Charles Tait

Charles Tait (1768-1835), Alabama’s first federal district court judge, played a significant role in the state’s history as a lawyer, educator, legislator, jurist, scientist, and plantation owner. Prior to his appointment to the federal bench in Alabama, he served as one of Georgia’s U.S. senators from 1809 to 1819. A member of the powerful Broad River political faction in Georgia with close ties to the administration of Pres. James Monroe, Tait used his considerable influence in shepherding through Congress the bill that provided for Alabama’s admission into the Union in December 1819.

Charles Tait Born on February 1, 1768, in Louisa County, Virginia, Tait was the oldest of 10 children of James Tait and Rebecca Hudson Tait. When the family moved to Georgia in 1783, young Charles remained behind for several years to finish school in Virginia. Tait’s father aligned with a group of fellow Virginians made up primarily of veterans of the Revolutionary War who moved to Georgia in response to an offer of homesteads on state-owned lands. They settled in the Broad River region in northeastern Georgia near Petersburg and thus have become known to scholars as the Broad River Group. There, they established tobacco farms, married into the local planter families, and acquired financial and political power within their close-knit community.

As a young man in Georgia, Tait was thrown from his horse while transporting tobacco to market and sustained a serious injury to his leg, resulting in its amputation; he would wear a wooden peg leg for the rest of his life. In 1786, at the age of 18, he entered the inaugural class of the Wilkes Academy in Washington, Georgia, and pursued a classical course of study for two years. In May 1788, Tait entered Cokesbury College in Abingdon, Maryland, America’s first Methodist college. Within four months, he was appointed to the faculty as a French professor and was put in charge of the college’s charity students. He remained at Cokesbury until 1794, while reading law at the same time. On January 3, 1790, Tait married Anne Lucas Simson, a widow from Baltimore, with whom he had two sons, James Asbury in 1791 and Charles Jefferson in 1794, who died at the age of one month.

Tait was admitted to the Georgia bar upon his return home in February 1795, but he continued his interest in education by taking a position as director and professor at the Richmond Academy in Augusta, Georgia, in 1795. The following year, William H. Crawford was appointed as head of the academy’s English department, and he and Tait formed a friendship that would last throughout their lives and would prove valuable for Tait later in his life.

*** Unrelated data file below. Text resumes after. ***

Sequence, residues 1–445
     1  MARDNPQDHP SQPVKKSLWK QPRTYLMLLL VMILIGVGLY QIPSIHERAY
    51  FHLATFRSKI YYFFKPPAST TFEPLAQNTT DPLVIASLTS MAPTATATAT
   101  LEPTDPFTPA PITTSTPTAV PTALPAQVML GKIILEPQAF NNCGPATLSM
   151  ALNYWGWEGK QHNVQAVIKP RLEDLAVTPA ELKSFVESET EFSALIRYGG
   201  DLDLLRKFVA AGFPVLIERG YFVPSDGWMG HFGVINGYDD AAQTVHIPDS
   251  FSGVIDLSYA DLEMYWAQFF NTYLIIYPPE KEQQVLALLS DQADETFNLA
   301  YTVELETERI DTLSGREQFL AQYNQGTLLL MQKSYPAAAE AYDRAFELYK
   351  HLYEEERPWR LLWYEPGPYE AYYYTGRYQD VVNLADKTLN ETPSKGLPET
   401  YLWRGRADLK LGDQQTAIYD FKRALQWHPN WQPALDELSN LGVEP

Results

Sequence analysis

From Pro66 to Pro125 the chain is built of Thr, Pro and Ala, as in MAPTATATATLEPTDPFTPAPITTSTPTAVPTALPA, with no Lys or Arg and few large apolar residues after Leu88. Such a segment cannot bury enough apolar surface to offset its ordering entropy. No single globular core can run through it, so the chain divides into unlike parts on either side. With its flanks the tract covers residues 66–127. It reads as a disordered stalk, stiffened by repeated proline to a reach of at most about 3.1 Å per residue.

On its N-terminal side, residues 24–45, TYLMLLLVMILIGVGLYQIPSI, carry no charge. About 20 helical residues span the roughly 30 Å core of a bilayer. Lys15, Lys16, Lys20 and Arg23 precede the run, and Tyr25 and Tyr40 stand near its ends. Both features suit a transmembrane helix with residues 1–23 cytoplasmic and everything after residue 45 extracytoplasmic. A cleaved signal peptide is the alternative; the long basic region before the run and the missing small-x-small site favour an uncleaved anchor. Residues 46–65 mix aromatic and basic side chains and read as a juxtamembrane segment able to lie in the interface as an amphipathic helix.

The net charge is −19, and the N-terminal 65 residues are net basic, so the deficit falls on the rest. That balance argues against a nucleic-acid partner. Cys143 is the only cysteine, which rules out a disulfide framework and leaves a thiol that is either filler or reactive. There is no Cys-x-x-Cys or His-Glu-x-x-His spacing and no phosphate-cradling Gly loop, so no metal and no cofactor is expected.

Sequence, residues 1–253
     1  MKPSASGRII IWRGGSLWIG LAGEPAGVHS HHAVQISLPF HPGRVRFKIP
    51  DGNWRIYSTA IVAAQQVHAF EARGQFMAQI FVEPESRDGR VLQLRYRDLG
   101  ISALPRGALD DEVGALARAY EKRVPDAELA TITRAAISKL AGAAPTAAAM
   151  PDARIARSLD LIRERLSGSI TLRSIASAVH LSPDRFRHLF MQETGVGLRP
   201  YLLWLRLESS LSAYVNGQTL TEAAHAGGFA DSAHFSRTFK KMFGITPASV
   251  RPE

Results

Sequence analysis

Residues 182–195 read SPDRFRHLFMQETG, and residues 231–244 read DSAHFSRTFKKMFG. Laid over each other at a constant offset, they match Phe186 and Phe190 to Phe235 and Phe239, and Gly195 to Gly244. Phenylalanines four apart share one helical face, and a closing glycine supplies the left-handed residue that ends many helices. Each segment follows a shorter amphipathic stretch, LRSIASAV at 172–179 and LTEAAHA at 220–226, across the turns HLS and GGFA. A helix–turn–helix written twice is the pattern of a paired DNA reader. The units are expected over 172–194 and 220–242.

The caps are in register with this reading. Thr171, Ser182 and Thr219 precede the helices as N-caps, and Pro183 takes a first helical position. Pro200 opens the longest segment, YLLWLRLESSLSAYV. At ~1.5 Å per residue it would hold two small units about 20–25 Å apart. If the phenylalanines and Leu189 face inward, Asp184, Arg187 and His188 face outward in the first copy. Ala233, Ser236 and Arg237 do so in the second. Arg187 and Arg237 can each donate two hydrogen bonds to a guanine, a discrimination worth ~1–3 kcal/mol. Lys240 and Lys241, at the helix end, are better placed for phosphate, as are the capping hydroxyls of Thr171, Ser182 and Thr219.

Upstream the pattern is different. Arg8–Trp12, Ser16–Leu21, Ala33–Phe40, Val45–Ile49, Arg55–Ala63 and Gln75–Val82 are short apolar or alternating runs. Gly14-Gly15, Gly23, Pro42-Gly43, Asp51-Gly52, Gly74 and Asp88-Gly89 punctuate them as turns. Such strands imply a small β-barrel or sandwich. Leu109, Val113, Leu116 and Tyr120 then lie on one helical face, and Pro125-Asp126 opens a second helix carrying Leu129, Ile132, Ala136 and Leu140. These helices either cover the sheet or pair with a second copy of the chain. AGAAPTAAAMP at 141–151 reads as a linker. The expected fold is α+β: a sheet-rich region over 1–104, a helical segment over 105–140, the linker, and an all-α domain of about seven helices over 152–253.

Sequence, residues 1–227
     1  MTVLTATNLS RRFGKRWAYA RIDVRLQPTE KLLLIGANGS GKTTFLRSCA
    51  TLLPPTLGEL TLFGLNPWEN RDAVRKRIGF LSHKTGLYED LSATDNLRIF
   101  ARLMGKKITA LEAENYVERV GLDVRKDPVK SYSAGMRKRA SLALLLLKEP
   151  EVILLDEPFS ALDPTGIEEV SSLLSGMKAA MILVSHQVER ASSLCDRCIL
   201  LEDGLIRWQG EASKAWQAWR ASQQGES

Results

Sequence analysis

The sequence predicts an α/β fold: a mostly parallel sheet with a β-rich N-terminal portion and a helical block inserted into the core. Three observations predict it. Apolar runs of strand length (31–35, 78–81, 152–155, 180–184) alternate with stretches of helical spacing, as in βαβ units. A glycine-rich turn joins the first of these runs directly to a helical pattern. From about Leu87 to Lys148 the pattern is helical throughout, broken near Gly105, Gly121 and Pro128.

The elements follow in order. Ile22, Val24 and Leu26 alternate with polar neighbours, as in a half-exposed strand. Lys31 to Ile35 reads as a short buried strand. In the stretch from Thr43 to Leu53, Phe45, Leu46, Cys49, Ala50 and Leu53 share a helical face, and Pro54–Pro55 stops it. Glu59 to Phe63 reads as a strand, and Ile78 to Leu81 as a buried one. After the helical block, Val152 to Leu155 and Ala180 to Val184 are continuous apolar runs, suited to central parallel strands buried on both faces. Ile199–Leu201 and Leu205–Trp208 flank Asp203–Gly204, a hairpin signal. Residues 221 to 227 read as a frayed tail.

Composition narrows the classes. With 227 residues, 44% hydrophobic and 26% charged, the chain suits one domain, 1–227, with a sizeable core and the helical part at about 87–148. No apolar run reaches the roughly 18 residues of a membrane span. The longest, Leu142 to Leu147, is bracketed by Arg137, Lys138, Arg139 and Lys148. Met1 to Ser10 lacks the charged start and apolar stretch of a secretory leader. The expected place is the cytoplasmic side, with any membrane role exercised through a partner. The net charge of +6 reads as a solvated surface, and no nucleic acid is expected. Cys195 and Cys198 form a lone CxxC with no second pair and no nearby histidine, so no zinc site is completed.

Financial difficulties forced Tait to resign his position at the Richmond Academy and seek political office. In 1799, he won election as a state senator from Elbert County. After serving one term, Tait established a law practice, working with Crawford as his partner until he was elected in November 1803 as a judge in the superior court of Georgia’s Western Judicial Circuit. After his election, Tait came under attack from political opponents who were aligned with a faction in Georgia made up of settlers from North Carolina who had a long-standing feud with the Broad River Group. In 1807, Tait was cornered in the streets of Milledgeville, Georgia, and brutally whipped with a riding crop by the leader of the opposing faction, who believed that Tait and Crawford had conspired to tarnish his reputation.

William Wyatt Bibb, 1819 Despite the feud, Tait won a special election to the U.S. Senate when Georgia senator John Milledge resigned in 1809. Tait served out Milledge’s term and then won re-election in 1813, serving in the Senate until March 4, 1819. In 1812, Tait’s Petersburg neighbor and future Alabama governor William Wyatt Bibb, joined him in the Senate. While in the Senate, Tait served as chair of the Committee on Naval Affairs, where in 1816 he sponsored and secured passage of a bill providing an annual naval appropriation of $1 million for a period of eight years, a vast sum of money for the time. Tait also formed a friendship with Pres. James Monroe’s secretary of war, John C. Calhoun, during this period, and the men corresponded for many years. Tait was also a regular correspondent with his cousin, renowned political figure Henry Clay.